#ShowUsYourLeave Takes Control of LinkedIn Feeds

Last week, theSkimm, a morning newsletter that has millions of subscribers, posted a simple call to action on the company’s LinkedIn page. The post praised companies like Pinterest, Estée Lauder, Motherly and Pipette for recently posting paid vacation policies on social media and challenged other companies to do the same. Thus, the hashtag, #ShowUsYourLeave, was born.

Engagement quickly picked up on the post as some users commented on their own experiences with paid leave policies as employees and others tagged companies directly to invite conversation. So far, many companies across a wide range of industries have taken the bait.

One of the first known brands to jump on the paid vacation trend was Etsy. The company post reported a fairly robust policy noting 26 weeks of fully paid parental leave for all genders for the birth, adoption or adoption of a new child; reimbursement of adoption or surrogacy; the possibility of exchanging leave for cash benefits; unlimited sick and care time; and a bereavement that would cover the loss of loved ones, pregnancy, or even a pet. At the time of publication, the post had received over 19,000 reactions and over 300 comments.

Reddit took up the challenge yesterday with a post of its own, saying, “At Reddit, we believe everyone in the world should be able to find a home on our platform. In order to accomplish this mission, we must start by ensuring that all of our employees can first find accommodation here. A few of the benefits mentioned in the post included $25,000 reimbursement for egg freezing, surrogacy, fertility treatments and adoption; 26 weeks of paid leave for biological parents and 16 for non-biological parents; eight and a half weeks of paid pregnancy loss leave and monthly employee wellness days.

Currently, more and more publications are highlighting the positive impact that progressive paid leave policies like these can have on recruiting talent. In a 2016 Deloitte study, 77% of respondents said the length of parental leave offered by an employer could influence their decision when choosing one job offer over another. A 2014 report found that 61% of women in the tech industry would outright refuse to take a job at a company that didn’t offer paid maternity leave.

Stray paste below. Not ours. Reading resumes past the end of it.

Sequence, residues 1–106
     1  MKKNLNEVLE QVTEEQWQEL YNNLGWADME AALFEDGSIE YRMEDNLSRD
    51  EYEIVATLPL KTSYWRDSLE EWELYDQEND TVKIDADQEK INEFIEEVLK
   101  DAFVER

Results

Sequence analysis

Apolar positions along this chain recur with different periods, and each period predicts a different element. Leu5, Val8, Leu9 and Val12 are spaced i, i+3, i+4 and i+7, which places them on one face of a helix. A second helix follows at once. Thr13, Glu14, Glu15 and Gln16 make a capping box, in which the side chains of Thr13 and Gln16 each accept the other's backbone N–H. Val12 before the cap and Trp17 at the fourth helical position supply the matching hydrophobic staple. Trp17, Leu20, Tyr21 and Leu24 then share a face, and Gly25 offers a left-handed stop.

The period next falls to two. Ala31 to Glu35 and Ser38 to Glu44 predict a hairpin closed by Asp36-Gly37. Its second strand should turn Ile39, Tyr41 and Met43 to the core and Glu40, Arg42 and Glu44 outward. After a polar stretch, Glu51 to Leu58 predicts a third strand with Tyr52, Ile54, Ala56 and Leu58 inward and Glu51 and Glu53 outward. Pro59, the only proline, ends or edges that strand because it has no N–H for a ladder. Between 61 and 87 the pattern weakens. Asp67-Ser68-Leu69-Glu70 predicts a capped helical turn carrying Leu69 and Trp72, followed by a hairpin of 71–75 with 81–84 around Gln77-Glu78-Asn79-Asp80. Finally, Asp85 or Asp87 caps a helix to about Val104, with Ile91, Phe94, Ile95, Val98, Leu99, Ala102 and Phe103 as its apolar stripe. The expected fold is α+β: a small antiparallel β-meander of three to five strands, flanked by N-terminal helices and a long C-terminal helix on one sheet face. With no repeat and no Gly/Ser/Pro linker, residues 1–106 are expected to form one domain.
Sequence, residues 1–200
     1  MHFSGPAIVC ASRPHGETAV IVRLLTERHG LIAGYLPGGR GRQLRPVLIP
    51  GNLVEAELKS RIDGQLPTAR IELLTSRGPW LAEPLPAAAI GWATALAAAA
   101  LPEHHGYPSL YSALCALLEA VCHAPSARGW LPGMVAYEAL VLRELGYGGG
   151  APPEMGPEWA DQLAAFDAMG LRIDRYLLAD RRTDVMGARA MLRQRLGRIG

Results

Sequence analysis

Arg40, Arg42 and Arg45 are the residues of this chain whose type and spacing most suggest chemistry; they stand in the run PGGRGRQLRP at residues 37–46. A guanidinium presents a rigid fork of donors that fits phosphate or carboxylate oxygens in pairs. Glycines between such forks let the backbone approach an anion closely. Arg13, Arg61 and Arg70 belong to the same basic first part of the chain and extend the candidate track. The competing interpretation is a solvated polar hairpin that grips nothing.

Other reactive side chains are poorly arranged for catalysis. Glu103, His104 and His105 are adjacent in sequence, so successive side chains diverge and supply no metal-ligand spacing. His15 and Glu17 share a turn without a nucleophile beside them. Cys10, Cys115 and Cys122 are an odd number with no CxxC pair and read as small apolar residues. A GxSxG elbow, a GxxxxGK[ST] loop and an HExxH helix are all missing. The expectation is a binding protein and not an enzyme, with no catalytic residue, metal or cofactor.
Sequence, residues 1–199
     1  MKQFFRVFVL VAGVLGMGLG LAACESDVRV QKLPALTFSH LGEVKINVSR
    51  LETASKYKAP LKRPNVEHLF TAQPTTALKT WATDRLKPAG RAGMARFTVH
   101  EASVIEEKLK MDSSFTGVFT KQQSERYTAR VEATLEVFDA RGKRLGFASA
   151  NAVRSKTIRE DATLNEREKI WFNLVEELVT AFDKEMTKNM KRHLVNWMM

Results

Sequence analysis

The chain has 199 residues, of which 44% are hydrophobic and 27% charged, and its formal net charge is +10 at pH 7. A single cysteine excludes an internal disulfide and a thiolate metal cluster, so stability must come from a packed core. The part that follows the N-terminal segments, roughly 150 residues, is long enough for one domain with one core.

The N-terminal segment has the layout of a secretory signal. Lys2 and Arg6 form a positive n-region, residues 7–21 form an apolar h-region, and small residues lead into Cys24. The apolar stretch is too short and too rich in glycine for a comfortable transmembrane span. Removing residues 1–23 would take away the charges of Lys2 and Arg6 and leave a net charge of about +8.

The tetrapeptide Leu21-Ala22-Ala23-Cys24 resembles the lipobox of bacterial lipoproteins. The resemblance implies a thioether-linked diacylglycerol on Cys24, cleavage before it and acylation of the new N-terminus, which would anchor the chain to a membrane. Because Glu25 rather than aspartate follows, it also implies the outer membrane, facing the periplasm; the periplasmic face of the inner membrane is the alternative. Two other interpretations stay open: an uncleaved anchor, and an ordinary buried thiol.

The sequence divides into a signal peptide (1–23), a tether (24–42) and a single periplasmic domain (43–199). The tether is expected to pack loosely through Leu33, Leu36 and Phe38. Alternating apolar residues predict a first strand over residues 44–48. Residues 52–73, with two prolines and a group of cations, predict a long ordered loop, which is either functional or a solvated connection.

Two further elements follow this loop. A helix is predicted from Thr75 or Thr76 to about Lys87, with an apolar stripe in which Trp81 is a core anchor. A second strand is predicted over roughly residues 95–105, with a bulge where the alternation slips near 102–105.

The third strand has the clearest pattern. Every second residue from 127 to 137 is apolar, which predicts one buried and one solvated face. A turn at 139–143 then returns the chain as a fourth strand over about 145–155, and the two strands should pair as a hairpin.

Paid vacation policies can also impact employee retention, a significant factor in a company’s bottom line. According to American Progress, it costs an average of 21% of an employee’s base salary to replace them. A study funded by March of Dimes found that states that implemented paid leave policies saw a 20% reduction in the number of women leaving their jobs in the first year after welcoming a child, and up to 50% after five years. Notably, when Google updated its paid vacation policy to 18 weeks from 12 in 2017, the company’s retention rate for young mothers jumped 50%.

As research and anecdotal evidence on the impact of paid time off continues to mount and the ongoing pandemic ushers in a consideration of work in America, the conversation around paid time off has reached a new volume that is playing out everywhere, from corporate boardrooms to the hallways of Congress and now, LinkedIn. More companies are showing their cards, and the growing list of those participating in the #ShowUsYourLeave trend now includes some well-known brands with Bank of America, Nestlé, HSBC, Live Nation Entertainment, Framebridge, Eat Just and Care. com posting all of their current policies. On the employee side, LinkedIn allows users to subscribe to updates from specific hashtags and, at the time of publication, #ShowUsYourLeave has over 1,800 subscribers.

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